In a statement, Mr. Fetterman’s campaign noted that he had been “overwhelmingly re-elected” four months after the incident in Braddock, “a town that is 80 percent Black,” because voters there “know John, and they know this had nothing to do with race.” It added that he had gone on to “run and win statewide, and he is the only candidate running for this Senate seat who has done so.”
If Democratic voters balk at Mr. Fetterman and Mr. Lamb, a path could open for alternative candidates, including Val Arkoosh, a county official in the electorally key Philadelphia suburbs and the only woman in the race, and Malcolm Kenyatta, a telegenic young state lawmaker from North Philadelphia.
Mr. Kenyatta, who would be the state’s first Black and first openly gay Senate nominee if he won, has traveled extensively seeking local endorsements but lags behind his rivals in fund-raising.
Ms. Arkoosh, a physician and the chair of the Board of Commissioners in Montgomery County, the state’s third largest county, has the endorsement of Emily’s List, which backs Democratic women who support abortion rights.
Together, Mr. Fetterman, Mr. Lamb and Ms. Arkoosh significantly out-raised their Republican counterparts in the quarter ending in June.
While Democrats see a model in Mr. Biden’s 81,000-vote victory in the state last year, which swept up suburban swing voters appalled by Mr. Trump, Republicans are currently playing almost exclusively to the Make America Great Again base, retelling the fable of a stolen 2020 election.
There is a proven path to statewide victories for Republicans in Pennsylvania, one taken by two G.O.P. candidates last year who were elected treasurer and auditor general. They did so by running ahead of Mr. Trump in the suburbs of Philadelphia, Harrisburg and Pittsburgh, where many college-educated voters had traditionally supported Republicans but were repelled by the bullying, divisive former president.
Mr. Toomey, the retiring Republican senator, warned recently, “Candidates will have to run on ideas and principles, not on allegiance to a man.’’
But few of the Republicans vying to succeed him seem to have listened.
Sean Parnell, a former Army Ranger who lost a House race last year to Mr. Lamb, sued to throw out all 2.6 million Pennsylvania mail-in votes, a case the U.S. Supreme Court rejected, and has said he supports an Arizona-style audit of Pennsylvania’s 2020 ballots. Donald Trump Jr. has endorsed his Senate bid.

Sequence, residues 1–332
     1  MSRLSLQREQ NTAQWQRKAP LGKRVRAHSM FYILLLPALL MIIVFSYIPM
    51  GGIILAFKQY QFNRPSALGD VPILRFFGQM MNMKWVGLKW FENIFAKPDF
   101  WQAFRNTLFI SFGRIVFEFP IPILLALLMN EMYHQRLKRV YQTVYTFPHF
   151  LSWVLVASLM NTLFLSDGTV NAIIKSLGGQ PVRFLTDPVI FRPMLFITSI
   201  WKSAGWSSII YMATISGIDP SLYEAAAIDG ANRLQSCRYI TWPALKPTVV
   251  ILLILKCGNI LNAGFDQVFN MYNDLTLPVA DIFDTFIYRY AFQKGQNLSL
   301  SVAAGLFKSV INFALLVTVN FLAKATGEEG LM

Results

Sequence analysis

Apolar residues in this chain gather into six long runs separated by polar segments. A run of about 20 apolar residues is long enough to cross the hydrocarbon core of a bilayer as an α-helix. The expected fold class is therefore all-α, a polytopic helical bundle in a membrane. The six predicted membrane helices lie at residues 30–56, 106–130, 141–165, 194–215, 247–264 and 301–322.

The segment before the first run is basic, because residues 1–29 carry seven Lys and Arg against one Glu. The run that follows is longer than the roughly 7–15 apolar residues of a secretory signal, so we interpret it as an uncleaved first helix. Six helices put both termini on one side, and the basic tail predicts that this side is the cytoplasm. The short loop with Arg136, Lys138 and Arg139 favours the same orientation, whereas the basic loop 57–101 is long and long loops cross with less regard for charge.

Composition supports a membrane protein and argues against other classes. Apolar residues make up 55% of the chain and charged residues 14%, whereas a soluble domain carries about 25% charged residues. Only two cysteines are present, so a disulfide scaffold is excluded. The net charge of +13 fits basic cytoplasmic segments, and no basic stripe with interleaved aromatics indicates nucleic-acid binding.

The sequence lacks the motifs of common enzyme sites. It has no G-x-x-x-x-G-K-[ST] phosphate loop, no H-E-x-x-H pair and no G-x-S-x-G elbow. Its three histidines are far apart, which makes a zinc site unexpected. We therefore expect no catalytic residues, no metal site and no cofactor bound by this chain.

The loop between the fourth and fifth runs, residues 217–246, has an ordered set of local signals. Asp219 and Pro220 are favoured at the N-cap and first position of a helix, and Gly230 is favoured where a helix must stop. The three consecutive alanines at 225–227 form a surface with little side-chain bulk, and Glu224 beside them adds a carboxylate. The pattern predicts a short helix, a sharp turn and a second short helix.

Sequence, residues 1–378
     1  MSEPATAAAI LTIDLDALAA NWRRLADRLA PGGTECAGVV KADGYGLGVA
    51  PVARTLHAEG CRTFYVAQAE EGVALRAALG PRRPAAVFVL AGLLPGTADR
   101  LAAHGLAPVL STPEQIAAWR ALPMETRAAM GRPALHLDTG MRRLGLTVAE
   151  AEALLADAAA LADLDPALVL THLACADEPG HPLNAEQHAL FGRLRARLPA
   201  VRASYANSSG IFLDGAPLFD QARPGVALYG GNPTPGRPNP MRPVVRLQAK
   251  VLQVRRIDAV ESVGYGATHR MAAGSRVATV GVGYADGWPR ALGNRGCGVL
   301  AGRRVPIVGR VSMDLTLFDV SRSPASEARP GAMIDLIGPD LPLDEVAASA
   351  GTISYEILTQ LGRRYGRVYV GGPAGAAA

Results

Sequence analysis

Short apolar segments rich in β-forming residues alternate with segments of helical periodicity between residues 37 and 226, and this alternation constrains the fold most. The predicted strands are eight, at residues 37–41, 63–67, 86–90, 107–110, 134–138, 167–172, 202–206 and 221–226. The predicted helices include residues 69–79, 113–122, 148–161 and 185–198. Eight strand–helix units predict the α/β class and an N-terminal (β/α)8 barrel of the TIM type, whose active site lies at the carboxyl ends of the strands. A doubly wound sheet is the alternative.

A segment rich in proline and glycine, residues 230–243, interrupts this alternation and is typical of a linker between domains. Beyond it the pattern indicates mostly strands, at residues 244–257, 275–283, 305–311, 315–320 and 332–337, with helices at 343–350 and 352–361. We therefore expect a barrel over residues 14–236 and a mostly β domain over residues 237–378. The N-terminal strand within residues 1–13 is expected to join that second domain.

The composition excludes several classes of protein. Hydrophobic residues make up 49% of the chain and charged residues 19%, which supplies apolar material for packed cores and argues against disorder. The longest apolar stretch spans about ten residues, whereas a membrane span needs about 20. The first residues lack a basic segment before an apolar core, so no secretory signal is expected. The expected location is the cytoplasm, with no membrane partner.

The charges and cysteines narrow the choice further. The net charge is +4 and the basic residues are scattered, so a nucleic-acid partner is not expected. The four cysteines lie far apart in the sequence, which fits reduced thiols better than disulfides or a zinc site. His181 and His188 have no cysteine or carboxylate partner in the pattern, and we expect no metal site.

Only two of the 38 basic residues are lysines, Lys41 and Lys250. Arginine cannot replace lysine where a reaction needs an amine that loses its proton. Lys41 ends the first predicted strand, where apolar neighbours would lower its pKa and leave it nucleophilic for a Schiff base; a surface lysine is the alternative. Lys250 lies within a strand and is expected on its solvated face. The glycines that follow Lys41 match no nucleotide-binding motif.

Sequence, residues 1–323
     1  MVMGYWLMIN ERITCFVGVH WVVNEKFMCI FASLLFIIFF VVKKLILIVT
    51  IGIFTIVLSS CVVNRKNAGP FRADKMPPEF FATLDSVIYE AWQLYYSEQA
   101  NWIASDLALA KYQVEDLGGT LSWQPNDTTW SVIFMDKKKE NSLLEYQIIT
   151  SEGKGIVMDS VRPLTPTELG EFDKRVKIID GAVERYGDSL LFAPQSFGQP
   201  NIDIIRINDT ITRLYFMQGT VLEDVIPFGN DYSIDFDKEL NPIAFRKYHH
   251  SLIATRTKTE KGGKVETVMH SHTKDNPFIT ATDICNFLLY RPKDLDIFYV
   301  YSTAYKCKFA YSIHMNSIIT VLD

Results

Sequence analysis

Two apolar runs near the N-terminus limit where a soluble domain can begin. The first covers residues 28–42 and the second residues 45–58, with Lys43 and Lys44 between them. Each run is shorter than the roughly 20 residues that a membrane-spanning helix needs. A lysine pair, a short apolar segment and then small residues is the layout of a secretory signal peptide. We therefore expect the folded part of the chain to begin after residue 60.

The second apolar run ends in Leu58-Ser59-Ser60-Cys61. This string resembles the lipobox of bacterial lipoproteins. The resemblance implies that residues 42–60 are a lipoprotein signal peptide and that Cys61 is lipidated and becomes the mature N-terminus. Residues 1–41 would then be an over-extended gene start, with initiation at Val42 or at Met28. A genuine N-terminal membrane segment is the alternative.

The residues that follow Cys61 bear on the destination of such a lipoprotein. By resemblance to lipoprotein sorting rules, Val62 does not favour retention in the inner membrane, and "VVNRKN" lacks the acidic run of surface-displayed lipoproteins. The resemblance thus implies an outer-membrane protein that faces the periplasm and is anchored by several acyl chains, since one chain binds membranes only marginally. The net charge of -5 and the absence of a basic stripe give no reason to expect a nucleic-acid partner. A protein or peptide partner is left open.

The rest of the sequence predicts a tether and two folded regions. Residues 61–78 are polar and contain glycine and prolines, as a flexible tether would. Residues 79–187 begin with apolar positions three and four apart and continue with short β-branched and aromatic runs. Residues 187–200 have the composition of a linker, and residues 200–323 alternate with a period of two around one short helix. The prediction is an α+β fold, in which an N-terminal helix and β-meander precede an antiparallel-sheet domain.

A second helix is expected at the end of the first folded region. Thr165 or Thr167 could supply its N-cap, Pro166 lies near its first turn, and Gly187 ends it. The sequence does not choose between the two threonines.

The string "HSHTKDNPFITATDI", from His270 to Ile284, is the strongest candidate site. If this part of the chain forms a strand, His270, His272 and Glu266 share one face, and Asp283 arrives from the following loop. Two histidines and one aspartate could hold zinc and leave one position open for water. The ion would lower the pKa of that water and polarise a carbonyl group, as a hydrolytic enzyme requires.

And Jeff Bartos, a real estate developer and major party donor from the Philadelphia area who was expected to appeal to suburban voters, has similarly courted the Trump base, calling for a “full forensic audit” of Pennsylvania’s election, though multiple courts threw out suits claiming fraud or official misconduct.
Neither Mr. Parnell nor Mr. Bartos raised as much money in the recent quarter as a dark-horse candidate, Kathy Barnette, a former financial executive who lost a congressional race in Philadelphia’s Main Line last year. Ms. Barnette has pushed claims of voter fraud on the far-right cable outlets Newsmax and OAN.
A longtime Republican consultant in the state, Christopher Nicholas, said there were three lanes available to G.O.P. candidates: “Super-MAGA-Trumpy, Trump-adjacent, and not-so-much-Trump.”
Lately, he said, almost everyone has elbowed into the “Super-MAGA-Trumpy” lane.
“As a Republican, you have to watch how far to the right you go to win the primary, that it doesn’t do irreparable harm to them in the general election,’’ Mr. Nicholas said.
Mr. Lamb faces a similar challenge as a moderate in the Democratic primary.
He is sure to be hit hard over some past positions, including his opposition to an assault weapons ban in 2019 and his vote the previous year to extend permanently the Trump administration’s individual tax cuts.
More recently, Mr. Lamb has stayed more in step with his party: In April, he endorsed Mr. Biden’s call to ban future assault weapons sales; in May, he endorsed ending the filibuster.
Mr. Lamb said in an interview that the assault on the Capitol had been a turning point for him, particularly in how Republican leaders had come around to embrace Mr. Trump’s false charge that the 2020 vote had been rigged.
He alluded to that again in his announcement speech on Friday: “If they will take such a big lie and place it at the center of the party,” he said of G.O.P. leaders, “you cannot expect them to tell the truth about anything else.”